The client then contacted Attorney Murphy. Attorney Murphy provided a frank assessment which was that these type of cases are some of the most difficult to win. This is because the evidentiary burden required to satisfy the unemployment law is quite high. When an employee quits their job, the burden is on the employee to prove the underlying reasons are sufficient under the law. Yet, despite this uphill challenge Attorney Murphy took on the case.
Attorney Murphy prepared his client and elicited credible testimony from him at the administrative appeals hearing. Thereafter, the administrative review examiner concluded the health issues were caused by the employer’s mishandling of the Performance Improvement Procedure. Accordingly, the client was found entitled to receive benefits.
Attorney Murphy notes that this unfortunate case could have been avoided but for human resources inability to appropriately respond to their employee’s problem.
This week, Attorney Murphy is very pleased to have received a favorable unemployment benefits decision for his client, which could not come at a better time of the year. The Division of Unemployment Assistance (DUA) originally denied the client’s unemployment benefits claim on the basis that the client committed either a violation of a company rule or deliberate misconduct which resulted in the client’s termination of employment. The client, however, claimed he did nothing wrong.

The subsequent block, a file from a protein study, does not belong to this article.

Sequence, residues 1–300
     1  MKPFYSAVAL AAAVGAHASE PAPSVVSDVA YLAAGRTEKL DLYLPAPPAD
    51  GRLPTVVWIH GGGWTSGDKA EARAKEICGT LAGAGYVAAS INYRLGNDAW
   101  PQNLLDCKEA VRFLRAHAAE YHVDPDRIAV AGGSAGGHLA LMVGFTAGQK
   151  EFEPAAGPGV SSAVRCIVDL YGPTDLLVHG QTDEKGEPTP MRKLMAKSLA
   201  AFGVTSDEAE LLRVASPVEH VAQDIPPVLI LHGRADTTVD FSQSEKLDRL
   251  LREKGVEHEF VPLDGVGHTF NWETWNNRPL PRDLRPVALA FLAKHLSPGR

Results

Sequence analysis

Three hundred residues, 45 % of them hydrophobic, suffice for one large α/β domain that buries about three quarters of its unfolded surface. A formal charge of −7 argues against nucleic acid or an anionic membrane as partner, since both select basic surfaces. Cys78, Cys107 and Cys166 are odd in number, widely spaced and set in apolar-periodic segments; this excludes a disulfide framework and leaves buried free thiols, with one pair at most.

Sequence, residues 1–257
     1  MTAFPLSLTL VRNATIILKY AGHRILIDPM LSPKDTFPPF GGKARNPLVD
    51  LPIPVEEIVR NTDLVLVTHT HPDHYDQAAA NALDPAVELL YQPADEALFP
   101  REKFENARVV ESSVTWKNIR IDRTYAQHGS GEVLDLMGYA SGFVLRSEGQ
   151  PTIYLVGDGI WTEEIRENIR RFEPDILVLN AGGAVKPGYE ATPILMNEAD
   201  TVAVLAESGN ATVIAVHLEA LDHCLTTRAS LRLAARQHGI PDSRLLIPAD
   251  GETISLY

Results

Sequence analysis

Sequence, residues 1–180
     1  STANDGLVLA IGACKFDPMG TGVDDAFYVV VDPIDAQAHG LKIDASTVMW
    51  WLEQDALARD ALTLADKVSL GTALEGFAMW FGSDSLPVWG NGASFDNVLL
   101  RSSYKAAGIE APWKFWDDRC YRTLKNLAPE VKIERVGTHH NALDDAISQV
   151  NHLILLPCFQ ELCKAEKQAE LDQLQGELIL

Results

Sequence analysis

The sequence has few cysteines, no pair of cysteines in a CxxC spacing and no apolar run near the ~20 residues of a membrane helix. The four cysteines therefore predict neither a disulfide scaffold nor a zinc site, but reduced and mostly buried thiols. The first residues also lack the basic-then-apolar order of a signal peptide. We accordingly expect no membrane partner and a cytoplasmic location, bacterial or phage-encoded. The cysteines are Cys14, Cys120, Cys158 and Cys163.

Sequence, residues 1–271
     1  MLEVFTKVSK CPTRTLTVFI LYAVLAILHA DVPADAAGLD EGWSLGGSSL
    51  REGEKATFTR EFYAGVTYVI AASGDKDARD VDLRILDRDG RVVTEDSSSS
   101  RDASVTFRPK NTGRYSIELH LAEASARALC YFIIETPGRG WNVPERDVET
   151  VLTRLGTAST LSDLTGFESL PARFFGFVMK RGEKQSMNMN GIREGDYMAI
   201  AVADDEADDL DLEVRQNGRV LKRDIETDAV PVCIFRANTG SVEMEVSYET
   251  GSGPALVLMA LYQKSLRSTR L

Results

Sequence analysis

Attorney Murphy represented the client, pro bono, at the administrative appeals hearing by arguing that the former employer did not meet the statutory requirements to prevent his client from receiving benefits. The client testified credibly that he experienced medical difficulties on the day in question and provided medical documentation in support of his case.
The DUA review examiner agreed that the employer failed to meet its burden of proof and reversed the decision in favor of Attorney Murphy’s client. Nichols v. U-Haul Co. of Massachusetts, Dec. 2013
Recently, Attorney Murphy received an unemployment benefits decision in favor of his client, a former assistant retail store manager. This case presented significant legal hurdles because the client quit her job. Indeed, the Division of Unemployment Assistance (DUA) determined the client not eligible to receive benefits despite the fact she informed the DUA that her employer forced her to quit.